"The transition is starting," said Tandy Trower, general manager of Microsoft's 3-year-old robotics group. "It's like we're back in 1977 -- four years before the IBM PC came out. We were seeing very primitive but very useful machines that were foreshadowing what was to come. In many ways, they were like toys compared to what we have today. It's the same with robots now."

Trower said many countries are making significant investments in robotics, and advances are beginning to multiply. Robotic aids and companions -- some looking like an updated version of R2-D2 and others more humanoid -- will begin moving into our homes in three to five years as technology advances and prices drop, he predicted.

"Robots are really an evolution of the technology we have now," Trower said. "We're just adding to our PCs, really. We're letting them get up off our desks and move around. They're evolving into something you will engage with and will serve you in your life someway."

Some, experts though, are hesitant to talk of revolutions, especially in an industry that has seen many promises made that have yet to materialize.

James Kuffner, an associate professor at the Robotics Institute at Carnegie Mellon University, warns that any revolution could be lengthy, as robots likely won't soon be doing dishes and walking dogs for about 20 years.

"People ask me when they'll have a Jetsons-like robot walking around their house," Kuffner said. "I tell them the first gas-powered engine was built in 1885, but it took until 1915 before a large segment of the population could afford a car. When that happened, society was transformed. In the 1950s, the first computers were built, but it wasn't until the early '80s when the personal computer came on the scene. And, of course, it completely transformed society."

Kuffner said the he believes the robot revolution countdown should start in 1996 when Honda Motor Co. released the P2, a self-contained, life-size humanoid machine. Going by historical example, a good portion of the population could have a robot in the home by 2026, he said.

"The Roomba vacuum cleaner is often seen as the first successful home robot, but it's pretty limited," Kuffner added. "So, sure, you can say we have robots in our homes. But a humanoid robot like you see in Hollywood movies, designed to perform a large number of tasks without special programming or tuning? In about 20 years."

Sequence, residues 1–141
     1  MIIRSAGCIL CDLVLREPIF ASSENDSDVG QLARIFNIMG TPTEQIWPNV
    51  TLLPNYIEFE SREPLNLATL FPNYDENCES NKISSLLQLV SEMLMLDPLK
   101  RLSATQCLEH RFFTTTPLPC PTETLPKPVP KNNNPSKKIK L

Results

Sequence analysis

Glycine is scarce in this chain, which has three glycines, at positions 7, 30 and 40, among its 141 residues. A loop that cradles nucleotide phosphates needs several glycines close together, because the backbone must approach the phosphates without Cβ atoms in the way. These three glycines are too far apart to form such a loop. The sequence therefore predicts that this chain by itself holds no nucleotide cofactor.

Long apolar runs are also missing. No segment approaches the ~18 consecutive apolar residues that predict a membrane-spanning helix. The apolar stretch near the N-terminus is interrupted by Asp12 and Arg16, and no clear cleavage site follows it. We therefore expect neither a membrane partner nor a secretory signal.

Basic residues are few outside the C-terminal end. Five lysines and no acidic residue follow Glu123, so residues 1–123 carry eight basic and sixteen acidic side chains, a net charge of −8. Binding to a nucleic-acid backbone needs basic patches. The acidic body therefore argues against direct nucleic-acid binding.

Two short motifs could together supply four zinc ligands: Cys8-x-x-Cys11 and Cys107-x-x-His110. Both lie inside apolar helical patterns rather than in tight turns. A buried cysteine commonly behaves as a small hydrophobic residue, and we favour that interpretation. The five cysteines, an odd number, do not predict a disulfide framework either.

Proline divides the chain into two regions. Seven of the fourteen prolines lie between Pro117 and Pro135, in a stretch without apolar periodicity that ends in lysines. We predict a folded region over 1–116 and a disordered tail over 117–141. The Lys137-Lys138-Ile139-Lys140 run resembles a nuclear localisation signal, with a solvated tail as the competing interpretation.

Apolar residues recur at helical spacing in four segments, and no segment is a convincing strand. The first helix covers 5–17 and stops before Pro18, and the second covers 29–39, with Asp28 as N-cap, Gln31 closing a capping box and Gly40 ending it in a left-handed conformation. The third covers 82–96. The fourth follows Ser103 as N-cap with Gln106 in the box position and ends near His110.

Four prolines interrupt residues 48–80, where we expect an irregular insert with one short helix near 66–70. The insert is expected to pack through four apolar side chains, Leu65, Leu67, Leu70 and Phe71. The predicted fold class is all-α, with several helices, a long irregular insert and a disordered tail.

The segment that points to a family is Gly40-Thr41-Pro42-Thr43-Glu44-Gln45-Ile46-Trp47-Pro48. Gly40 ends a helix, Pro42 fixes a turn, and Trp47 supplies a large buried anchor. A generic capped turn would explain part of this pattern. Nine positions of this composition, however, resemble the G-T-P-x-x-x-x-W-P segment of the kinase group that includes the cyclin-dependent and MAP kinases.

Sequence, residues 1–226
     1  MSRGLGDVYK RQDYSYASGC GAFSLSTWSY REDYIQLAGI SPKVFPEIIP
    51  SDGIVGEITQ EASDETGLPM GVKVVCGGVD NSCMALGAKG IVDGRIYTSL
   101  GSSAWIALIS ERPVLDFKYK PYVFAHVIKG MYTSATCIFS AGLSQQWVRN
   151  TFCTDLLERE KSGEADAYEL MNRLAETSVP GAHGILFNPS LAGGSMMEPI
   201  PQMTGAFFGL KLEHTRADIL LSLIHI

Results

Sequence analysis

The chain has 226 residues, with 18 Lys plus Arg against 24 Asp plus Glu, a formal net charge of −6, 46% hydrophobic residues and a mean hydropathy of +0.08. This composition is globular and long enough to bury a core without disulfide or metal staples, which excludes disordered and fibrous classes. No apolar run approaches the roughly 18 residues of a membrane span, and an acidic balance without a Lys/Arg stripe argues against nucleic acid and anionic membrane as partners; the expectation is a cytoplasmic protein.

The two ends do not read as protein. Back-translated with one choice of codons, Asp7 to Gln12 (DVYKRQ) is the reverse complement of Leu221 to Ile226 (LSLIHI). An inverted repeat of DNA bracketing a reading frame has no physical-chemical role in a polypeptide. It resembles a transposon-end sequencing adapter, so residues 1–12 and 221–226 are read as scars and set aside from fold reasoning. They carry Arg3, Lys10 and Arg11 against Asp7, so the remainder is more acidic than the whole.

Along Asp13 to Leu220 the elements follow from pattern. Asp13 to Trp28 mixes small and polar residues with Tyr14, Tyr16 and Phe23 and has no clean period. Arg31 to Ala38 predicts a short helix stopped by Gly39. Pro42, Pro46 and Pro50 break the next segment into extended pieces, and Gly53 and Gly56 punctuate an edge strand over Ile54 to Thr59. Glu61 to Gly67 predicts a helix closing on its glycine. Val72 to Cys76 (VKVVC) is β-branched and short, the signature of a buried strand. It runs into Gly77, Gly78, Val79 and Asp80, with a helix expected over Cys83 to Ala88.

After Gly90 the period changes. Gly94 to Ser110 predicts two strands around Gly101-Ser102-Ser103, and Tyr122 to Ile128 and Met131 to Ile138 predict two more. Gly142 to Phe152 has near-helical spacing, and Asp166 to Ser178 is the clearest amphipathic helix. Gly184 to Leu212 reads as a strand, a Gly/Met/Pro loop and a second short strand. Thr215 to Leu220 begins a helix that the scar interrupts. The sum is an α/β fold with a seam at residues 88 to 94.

Neena Buck, an independent robotics analyst based in Cambridge, Mass., said agreed that the robotics business will take off, but that it will be some time before humanoid robots are washing cars or dancing. First, she said, there will be single-task robots for house cleaning and the like, and exoskeletal robots to help people with infirmities.

"A Jetsons robot -- I don't think that's how it will happen," she said. "Maybe people need to change their vision of a robot."

Trower told Computerworld that robotics has been slow to grow in recent years because of the lack of a standard software platform -- the very thing Microsoft Corp. mandated he create.

The Microsoft robotics group, which is tasked with generating profits within three to five years, is now updating its Robotics Studio software, which includes a tool set and a set of programming libraries that sit on top of Windows. The studio also includes a programming language and a simulator, so that developers can first try out programs in a virtual world. The latest version of the studio platform is slated to ship by the end of this year, according to Trower.

"The robotics industry needs portability," said Trower. "There's been no standard. We wanted to make it easy for the industry to bootstrap itself. I truly think software is holding the robotic industry back."

Software was definitely holding back graduate students at the University of Massachusetts, Amherst, in their quest to build a new version of the school's uBot robot.